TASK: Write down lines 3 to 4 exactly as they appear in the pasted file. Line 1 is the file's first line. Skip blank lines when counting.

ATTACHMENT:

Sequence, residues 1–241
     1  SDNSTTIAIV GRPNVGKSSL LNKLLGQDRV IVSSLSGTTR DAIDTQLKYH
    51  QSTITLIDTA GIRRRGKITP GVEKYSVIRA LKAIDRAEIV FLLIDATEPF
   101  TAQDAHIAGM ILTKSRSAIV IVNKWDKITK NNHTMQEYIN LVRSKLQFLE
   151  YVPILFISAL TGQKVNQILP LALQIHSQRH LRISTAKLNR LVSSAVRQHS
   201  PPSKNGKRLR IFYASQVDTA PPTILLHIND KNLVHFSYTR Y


    51  QSTITLIDTA GIRRRGKITP GVEKYSVIRA LKAIDRAEIV FLLIDATEPF
   101  TAQDAHIAGM ILTKSRSAIV IVNKWDKITK NNHTMQEYIN LVRSKLQFLE